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Train station bike stealer avoids jail

Mix96 News

Published by the Mix96 News Team at 11:49am 13th September 2017 (Updated 11:50am 13th September 2017)

A 43 year old man has narrowly avoided going to jail after stealing bikes from outside Leighton Buzzard railway station.

43 year old Stephen Mimer from Old Road in Linslade was sentenced to eight weeks in prison, suspended for 12 months, for a string of bicycle thefts.

He was sentenced at Luton Magistrates' Court on 30 August after being convicted of six counts of theft at the same court on 19 August.

The offences happened in November 2016, March 2017 and April 2017. Mimer stole bikes from a wide range of people who had left their bikes at the station, including a 17-year-old boy and a 42-year-old woman.

Mimer was identified via CCTV footage and arrested by BTP officers on 18 August. He was charged and appeared in court the following day.

As well as the suspended sentence, Mimer was ordered to pay court costs of £200 and compensation to the victims of £1,380.

Investigating officer, PC David Chivers, said:

"The thefts occurred over a number of months from Leighton Buzzard railway station. Once Mimer was identified, the investigations were collated and he was subsequently arrested and charged for all of them.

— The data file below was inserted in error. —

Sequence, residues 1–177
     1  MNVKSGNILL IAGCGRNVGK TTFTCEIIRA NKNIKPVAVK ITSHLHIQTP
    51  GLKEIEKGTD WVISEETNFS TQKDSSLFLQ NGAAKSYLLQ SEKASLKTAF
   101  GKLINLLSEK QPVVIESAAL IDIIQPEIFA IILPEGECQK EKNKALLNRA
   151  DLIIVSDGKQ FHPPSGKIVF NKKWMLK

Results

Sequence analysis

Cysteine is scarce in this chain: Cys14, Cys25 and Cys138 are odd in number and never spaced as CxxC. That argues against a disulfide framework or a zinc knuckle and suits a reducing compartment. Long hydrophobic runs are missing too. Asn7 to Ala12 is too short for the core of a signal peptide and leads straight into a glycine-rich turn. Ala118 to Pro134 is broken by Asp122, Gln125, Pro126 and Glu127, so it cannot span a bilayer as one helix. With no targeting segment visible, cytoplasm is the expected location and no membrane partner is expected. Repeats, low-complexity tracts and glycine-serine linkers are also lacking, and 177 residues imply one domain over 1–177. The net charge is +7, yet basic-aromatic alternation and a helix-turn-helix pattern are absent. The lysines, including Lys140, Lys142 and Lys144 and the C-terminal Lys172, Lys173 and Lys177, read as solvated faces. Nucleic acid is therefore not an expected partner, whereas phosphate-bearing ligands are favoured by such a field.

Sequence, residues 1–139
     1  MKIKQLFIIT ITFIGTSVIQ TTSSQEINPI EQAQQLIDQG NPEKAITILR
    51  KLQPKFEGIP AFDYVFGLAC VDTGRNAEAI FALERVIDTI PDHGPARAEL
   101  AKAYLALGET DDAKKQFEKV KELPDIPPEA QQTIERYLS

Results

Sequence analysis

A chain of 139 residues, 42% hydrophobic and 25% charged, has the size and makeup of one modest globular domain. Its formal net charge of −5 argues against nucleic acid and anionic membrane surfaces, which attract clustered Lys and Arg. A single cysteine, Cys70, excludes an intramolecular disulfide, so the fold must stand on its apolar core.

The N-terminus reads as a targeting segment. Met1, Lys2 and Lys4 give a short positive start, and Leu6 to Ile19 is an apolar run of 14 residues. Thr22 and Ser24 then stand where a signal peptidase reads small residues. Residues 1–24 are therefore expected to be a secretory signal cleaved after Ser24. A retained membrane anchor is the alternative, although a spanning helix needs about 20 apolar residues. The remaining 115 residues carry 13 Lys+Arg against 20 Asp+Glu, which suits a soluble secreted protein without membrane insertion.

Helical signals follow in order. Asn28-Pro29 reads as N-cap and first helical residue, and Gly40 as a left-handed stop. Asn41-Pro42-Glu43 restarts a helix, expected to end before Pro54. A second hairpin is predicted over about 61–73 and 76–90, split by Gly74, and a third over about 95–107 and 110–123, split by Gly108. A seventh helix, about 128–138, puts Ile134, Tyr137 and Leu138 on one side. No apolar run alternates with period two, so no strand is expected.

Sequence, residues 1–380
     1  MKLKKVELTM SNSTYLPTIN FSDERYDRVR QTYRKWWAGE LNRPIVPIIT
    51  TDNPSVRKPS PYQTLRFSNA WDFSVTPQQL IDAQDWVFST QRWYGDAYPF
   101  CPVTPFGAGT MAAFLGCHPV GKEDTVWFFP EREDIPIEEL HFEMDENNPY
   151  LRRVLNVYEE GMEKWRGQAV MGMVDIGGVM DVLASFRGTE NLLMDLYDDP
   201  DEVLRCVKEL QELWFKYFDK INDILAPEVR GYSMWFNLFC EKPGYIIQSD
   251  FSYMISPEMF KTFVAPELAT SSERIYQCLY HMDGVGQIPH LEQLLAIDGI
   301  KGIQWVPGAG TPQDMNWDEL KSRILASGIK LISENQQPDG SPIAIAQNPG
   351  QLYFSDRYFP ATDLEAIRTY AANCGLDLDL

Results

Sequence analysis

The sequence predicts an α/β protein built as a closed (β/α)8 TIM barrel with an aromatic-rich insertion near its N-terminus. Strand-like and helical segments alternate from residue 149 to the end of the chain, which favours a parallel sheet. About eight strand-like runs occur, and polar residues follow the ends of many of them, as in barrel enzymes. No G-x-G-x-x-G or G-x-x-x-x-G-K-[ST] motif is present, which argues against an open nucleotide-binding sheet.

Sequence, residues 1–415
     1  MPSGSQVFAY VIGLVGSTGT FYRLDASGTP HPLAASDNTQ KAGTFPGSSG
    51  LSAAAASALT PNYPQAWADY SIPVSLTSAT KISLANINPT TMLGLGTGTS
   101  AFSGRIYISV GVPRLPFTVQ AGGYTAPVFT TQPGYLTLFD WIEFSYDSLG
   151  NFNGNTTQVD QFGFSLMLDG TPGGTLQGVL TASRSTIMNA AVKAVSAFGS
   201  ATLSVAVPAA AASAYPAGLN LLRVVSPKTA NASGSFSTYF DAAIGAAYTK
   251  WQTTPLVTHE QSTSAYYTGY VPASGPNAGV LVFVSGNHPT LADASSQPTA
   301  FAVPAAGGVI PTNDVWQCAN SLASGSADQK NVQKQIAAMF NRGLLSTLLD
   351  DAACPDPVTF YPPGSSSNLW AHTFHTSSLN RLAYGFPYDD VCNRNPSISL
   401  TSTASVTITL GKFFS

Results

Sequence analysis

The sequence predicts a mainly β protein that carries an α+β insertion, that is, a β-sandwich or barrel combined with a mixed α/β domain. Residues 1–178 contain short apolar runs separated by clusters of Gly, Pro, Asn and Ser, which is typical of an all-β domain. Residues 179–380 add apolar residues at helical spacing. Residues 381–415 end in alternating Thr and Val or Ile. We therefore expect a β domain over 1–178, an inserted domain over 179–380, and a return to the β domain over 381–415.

"I hope that cyclists who use Leighton Buzzard station will be pleased to hear the news that Mimer has been convicted."

Cyclists who leave their bikes at railway stations may wish to take note of the following advice for security and crime prevention:

Before you ride:

  • Register your bicycle at www.bikeregister.com.
  • Mark your frame with your postcode in two separate locations, one of which should be hidden. Attach a 'Coded Cycle' label to reduce the risk of making your bike a target for theft.
  • Take a photograph of your bike and record your frame number and key details. This will help us to recover your bike if it is stolen. 

At the station:

  • Whenever you need to leave you bike, make sure you lock it. Lock the frame and both wheels to a cycle stand or a strong immovable object.
  • Whenever possible, lock your bike in a busy, well-lit and CCTV covered area.
  • Consider using more than one lock to secure your bike and ensure that you use a recognised security standard lock. D-locks, extension cable or heavy chain locks are certified locking mechanisms. It is important to ensure that yours are up to date.
  • Make the lock(s) and bike hard to manoeuvre when parked by ensuring little room between the stand and the bike.
  • Locks are considered more vulnerable when they come in to contact with the ground, so keep them off the floor.
  • Keep valuables secure. Don't put them in open baskets or panniers.
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